AIRE Tributary Strike Inflatable Kayak – An All-Around Recreational IK
The rugged and stable AIRE Tributary Strike inflatable kayak has a self-bailing floor capable of handling different types of water.
Features of the Kayak
Included with the kayak is a removable backrest, carrying bag, and repair kit.
Specifications of the AIRE Tributary Strike:
- Dimensions: 10'3" x 37.5"
- Load Capacity: 300 lbs
- Weight: 36 lbs
- Tube Diameter: 10.5"
- Bow/Stern Rise: 10.5"
- Water Line: 83.5"
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Specifications of the AIRE Tributary Strike 2:
- Dimensions: 12'6" x 36.5"
- Load Capacity: 450 lbs
- Weight: 47 lbs
- Tube Diameter: 10.75"
- Bow/Stern Rise: 9.75"
- Water Line: 113"
Two Choices for Packing Gear
The 10'3" AIRE Tributary Strike inflatable kayak has high rockered ends to power through waves, yet the design has a low enough profile that it can handle windy conditions on flat water without being tossed around. With a self-bailing floor, the versatile Strike can also handle up to Class III whitewater.
The tandem 12'6" Tributary Strike 2 inflatable kayak can be used by a solo paddler who packs a lot of gear, or by two people, by adding a second seat.
These Chinese-made Tributary kayaks use less expensive materials than other AIRE kayaks in order to keep the price down for budget buyers. Strikes are made with 30-oz per square yard, 500 denier fabric and PVC-coated on the top of the craft, and 32-oz, 1000-denier PVC on the bottom.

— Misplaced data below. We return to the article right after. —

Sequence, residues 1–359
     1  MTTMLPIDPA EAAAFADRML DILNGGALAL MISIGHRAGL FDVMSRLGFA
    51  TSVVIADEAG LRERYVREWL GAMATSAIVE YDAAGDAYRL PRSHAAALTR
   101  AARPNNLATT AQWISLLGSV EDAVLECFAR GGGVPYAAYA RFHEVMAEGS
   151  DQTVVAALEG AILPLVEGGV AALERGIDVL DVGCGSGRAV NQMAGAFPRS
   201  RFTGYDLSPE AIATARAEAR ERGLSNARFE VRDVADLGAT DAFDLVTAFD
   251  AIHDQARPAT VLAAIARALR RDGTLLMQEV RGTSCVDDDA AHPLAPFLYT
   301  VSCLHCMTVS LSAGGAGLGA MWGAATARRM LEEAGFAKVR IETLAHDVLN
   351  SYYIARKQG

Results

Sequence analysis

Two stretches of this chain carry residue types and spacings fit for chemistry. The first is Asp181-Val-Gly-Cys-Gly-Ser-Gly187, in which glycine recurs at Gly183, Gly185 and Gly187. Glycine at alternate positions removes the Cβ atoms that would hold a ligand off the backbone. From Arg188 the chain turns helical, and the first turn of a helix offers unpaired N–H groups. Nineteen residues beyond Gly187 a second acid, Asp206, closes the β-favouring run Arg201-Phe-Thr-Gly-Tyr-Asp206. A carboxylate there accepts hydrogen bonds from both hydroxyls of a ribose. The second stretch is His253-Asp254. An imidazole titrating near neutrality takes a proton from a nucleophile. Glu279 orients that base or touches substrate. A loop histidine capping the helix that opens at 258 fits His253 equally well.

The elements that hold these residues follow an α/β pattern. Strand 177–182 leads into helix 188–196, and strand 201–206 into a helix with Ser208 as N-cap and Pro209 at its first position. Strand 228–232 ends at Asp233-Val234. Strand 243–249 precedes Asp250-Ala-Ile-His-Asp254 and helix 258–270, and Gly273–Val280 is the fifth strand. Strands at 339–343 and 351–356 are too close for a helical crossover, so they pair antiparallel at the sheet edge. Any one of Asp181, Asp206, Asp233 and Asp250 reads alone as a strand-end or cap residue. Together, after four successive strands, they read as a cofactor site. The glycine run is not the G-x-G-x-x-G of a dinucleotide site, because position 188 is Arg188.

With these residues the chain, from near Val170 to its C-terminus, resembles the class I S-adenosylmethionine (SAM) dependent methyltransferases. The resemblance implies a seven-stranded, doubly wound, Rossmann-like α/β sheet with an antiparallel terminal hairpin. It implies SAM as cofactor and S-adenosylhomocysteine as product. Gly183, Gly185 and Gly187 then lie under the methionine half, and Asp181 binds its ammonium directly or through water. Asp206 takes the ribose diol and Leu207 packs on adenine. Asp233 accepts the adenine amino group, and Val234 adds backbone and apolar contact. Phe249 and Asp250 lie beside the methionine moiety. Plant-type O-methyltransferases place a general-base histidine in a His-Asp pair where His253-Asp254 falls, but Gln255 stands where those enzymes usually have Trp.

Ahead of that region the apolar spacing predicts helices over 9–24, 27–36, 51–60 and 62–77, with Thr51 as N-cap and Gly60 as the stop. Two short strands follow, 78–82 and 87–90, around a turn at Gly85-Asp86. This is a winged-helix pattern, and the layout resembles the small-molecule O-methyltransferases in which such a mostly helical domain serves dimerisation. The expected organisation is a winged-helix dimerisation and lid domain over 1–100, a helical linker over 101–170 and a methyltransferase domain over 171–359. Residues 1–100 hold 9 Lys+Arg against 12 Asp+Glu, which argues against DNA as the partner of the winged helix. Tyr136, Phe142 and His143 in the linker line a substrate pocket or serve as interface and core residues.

The AIRE Lynx, Strike, or the Tomcat Solo?
The popular Lynx costs about $400 more and it features a high 15" bow rise compare to the 10" bow rise on the Strike. The Lynx also has material that is more lightweight, saving you about 4 pounds in weight, and it has the AIRE 10-year warranty while the Strike has a 5-year warranty.
The Tomcat is a beginner’s kayak priced about $600, some $150 to $200 less than the AIRE Tributary Strike inflatable kayak . The Tomcat features stitched seams, vinyl bladders, and a one-year warranty, while the Strike, like the Lynx, has welded seams and urethane bladders.
With any of the three models compared here, performance is superior in an AIRE or Tributary kayak, so they are an easy choice over a Sevylor or Sea Eagle. So the choice is simply: good (the Tomcat solo), better (the Strike), or best (the Lynx), with quality of materials increasing as you go up in price.
What We Say
Reviewers comment that both Strike models are very comfortable and the wide beam makes them especially safe for novices as they are nearly impossible to tip over. Though not super-fast, these kayaks are good for whitewater and flatwater, as well as being economical, rugged, easy to inflate, and have decent maneuverability. As an all-around recreational kayak, the AIRE Tributary Strike inflatable kayak is a good choice at around $700.
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